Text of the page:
‒Unreported Opinion‒ experience with people and events to weigh probabilities.’” Mangum v. State, 342 Md.

392, 400 (1996) (quoting Mallette v. Scully, 752 F.2d 26, 32 (2d Cir. 1984)).

With regard to the charges requiring a possessory interest in a firearm, the evidence was sufficient to establish that Ray was at least in constructive possession of the weapon.

It is not necessary that the gun be found on Ray’s person to establish possession thereof.

In Price v. State, 111 Md. App. 487, 498 (1996), we explained that “[i]n a possessory crime or one in which control or dominion over contraband or the instrumentality of the crime constitutes, or is an element of, the actus reus, the law engages in the legal fiction of constructive possession to impute inferentially criminal responsibility....” Factors relevant “to establish the nexus” of control or dominion over the instrumentality of the crime, id. at 499, include the proximity between the defendant and the firearm, whether the firearm was visible to the defendant, and any other evidence of mutual use and enjoyment of the firearm by the defendant and the person in actual possession. Herring v. State, 198 Md. App. 60, 85-6 (2011).

In the instant case, although Brown testified that he had not seen Ray holding the gun, there was sufficient evidence by which the jury reasonably could have inferred that Ray constructively and jointly possessed the gun with Crowder. Brown testified that in taking the dippers from him, Crowder pulled the gun from “his crotch area,” advised that he planned to rob Brown, and placed the gun on the center console between the front driver’s and passenger’s seats. If that testimony was believed, it was sufficient to prove that the gun was in close proximity, and accessible, to Ray in the close confines of the back

–  –  –

Brown enough that he returned the money Ray had paid for the dippers and drove to another location in an attempt to purchase more drugs for Ray’s and Crowder’s use and enjoyment.

As such, even if Ray did not touch the gun, he can be said to have constructively possessed it, along with Crowder, to facilitate the theft of the drugs and the money he had paid Brown for them.

Moreover, Brown testified that when he returned Ray and Crowder to Crowder’s residence, Ray exited the car, after which the gun was no longer on the car’s console, leading to his belief that Ray had the gun. That belief was reinforced by Crowder’s request that Ray give him the gun. Such testimony, if believed by the jury, was sufficient to prove circumstantially that Ray had actual possession of the gun. We therefore conclude that Ray was in either actual or constructive possession of the handgun so as to support the convictions of the possessory crimes of illegal possession of a regulated firearm and wearing, carrying, or transporting a handgun.8 Accomplice liability is another vehicle by which the jury reasonably could have convicted Ray of all the charged crimes. Generally, when two or more people undertake a criminal offense, “‘each is ordinarily responsible for the acts of the other done in Ray also challenges the sufficiency of the evidence to prove that the gun recovered during the execution of the search warrant was the one used in the robbery. Brown, however, testified that the gun introduced into evidence at trial, recovered from a home containing documents with Crowder’s name on them, looked like the gun Crowder had employed during the robbery, which was silver-blue with numbers on it. Although not entirely sure it was the gun used in the robbery, as he “didn’t pick it up and examine it and look at the serial number and all that to make sure that it was the exact same gun,” he testified it looked like the gun Crowder and Ray had on the day of the robbery, and he believed it to be the same gun. In our view, that testimony, if believed, was sufficient to tie the recovered gun to the one used to effectuate the robbery.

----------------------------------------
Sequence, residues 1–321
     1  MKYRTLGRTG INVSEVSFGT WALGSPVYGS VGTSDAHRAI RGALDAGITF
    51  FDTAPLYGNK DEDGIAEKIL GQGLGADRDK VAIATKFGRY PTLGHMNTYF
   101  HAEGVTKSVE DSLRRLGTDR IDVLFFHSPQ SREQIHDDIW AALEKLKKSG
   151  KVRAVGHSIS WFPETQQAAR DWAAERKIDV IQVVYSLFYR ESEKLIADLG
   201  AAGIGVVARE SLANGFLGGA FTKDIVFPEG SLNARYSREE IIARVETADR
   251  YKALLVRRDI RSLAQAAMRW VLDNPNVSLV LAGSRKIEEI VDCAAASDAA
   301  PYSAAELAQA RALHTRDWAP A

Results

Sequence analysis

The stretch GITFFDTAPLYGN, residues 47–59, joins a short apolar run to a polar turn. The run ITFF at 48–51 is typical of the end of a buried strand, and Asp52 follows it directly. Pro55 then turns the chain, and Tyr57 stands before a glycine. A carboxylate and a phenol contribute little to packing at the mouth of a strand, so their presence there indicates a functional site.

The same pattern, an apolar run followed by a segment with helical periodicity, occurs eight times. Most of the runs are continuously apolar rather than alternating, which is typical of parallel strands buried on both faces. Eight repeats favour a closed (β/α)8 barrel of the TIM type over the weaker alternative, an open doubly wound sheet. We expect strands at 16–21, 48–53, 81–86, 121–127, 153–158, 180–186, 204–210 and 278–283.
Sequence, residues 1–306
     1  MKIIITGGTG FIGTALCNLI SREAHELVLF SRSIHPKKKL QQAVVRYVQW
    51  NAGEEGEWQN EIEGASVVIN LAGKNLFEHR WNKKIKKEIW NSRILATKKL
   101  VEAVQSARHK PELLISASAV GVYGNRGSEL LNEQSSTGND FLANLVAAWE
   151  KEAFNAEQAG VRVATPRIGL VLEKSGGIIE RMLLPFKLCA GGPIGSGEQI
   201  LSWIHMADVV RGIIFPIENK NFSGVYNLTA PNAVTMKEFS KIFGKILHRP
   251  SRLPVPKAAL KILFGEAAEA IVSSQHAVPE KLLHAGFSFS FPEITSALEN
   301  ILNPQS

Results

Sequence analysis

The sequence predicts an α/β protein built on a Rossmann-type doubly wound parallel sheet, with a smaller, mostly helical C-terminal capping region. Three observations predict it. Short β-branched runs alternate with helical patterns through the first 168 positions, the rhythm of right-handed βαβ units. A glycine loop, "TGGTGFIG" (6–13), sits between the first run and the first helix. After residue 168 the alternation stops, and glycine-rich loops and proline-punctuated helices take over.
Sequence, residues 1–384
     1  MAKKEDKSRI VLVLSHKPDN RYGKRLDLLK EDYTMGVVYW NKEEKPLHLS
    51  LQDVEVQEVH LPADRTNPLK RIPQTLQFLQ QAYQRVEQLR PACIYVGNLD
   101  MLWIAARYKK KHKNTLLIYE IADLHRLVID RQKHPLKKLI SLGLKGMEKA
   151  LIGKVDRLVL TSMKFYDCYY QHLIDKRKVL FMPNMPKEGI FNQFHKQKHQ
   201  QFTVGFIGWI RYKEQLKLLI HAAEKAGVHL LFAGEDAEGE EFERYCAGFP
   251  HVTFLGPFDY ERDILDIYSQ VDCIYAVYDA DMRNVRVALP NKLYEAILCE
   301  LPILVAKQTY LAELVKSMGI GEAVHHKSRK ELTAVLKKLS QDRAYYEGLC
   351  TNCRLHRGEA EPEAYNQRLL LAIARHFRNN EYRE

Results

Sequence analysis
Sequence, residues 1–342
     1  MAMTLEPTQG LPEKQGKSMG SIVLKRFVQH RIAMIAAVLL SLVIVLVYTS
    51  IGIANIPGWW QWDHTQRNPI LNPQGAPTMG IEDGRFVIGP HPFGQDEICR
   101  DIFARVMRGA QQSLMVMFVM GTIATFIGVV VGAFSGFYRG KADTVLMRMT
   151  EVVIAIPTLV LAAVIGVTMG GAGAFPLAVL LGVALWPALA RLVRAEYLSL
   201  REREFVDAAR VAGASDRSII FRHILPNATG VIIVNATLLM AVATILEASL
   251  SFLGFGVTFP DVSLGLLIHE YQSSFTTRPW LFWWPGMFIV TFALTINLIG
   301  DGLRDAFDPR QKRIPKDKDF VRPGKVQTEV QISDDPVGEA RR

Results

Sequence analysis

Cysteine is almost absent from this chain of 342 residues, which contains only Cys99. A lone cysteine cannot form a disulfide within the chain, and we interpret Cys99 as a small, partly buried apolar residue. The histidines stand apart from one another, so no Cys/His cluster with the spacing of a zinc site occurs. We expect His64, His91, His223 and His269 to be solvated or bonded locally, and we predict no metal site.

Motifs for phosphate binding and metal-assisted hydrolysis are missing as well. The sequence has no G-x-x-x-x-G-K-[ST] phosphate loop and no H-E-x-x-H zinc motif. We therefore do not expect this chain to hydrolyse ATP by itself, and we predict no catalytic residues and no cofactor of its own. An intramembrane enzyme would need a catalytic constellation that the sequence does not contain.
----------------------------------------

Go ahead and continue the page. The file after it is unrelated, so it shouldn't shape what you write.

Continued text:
‒Unreported Opinion‒ furtherance of the commission of the offense[.]’” Owens v. State, 161 Md. App. 91, 105quoting Sheppard v. State, 312 Md. 118, 121-22 (1988)). An accomplice may actually participate by knowingly assisting, supporting, or supplementing the efforts of another, or, if not by actively participating, then by being present and advising or encouraging the commission of a crime. Silva v. State, 422 Md. 17, 28 (2011). Mere presence during the commission of the crime is not, however, sufficient to establish participation in the crime. Warfield v. State, 315 Md. 474, 491 (1989).

In this case, the evidence was sufficient for the jury to conclude that Ray was not merely present during the robbery but acted as an accomplice with Crowder in robbing Brown and committing the related offenses. Brown’s testimony, if believed by the jury,9 established that Brown purchased dippers for him to share with Crowder. Although Ray initially gave Crowder’s half of the cost of the drugs to Brown, Crowder grabbed the dippers from Brown, depriving Brown of the one he had purchased for his own use. In addition, Brown said, “they took back the money they gave... me for the dippers;” the use of the word “they” instead of “he” permits an inference that both Crowder and Ray retrieved the money. And, Crowder announced a robbery after placing a gun on the console next to Brown, presumably as an implicit threat.

Ray, while not specifically calling into question Brown’s credibility as a witness, alludes to his lack of credibility when he challenges the too general testimony of “an admitted PCP user.” Of course, the resolution of witness credibility must be left to the jury. Spain v. State, 386 Md. 145, 166 (2005).

‒Unreported Opinion‒ Ray and Crowder together smoked the dippers taken from Brown, and Ray later reached into the driver’s side of Brown’s car to take Brown’s wallet. Ray also attempted to take Brown’s car keys, but Brown thwarted his attempt. When Crowder grabbed Brown, he asked Ray to give him the gun because he wanted to take Brown to his bank and force Brown to withdraw money from his account.

From these events, a reasonable juror could have inferred that Ray assisted and supported Crowder in committing the crimes. Hardly a mere bystander to Crowder’s malfeasance, Ray enjoyed the spoils of the drugs Crowder took from Brown, and he and Crowder took back the money Ray had given Brown for the drugs. Ray also took Brown’s wallet, hoping to find money therein, and attempted to take Brown’s car keys. Moreover, Brown later identified Crowder from a photo array as a person who “helped in robbing” him, implying that Ray had also participated in the robbery. Brown also identified Ray from a separate photo array as someone who grabbed his wallet and had a gun.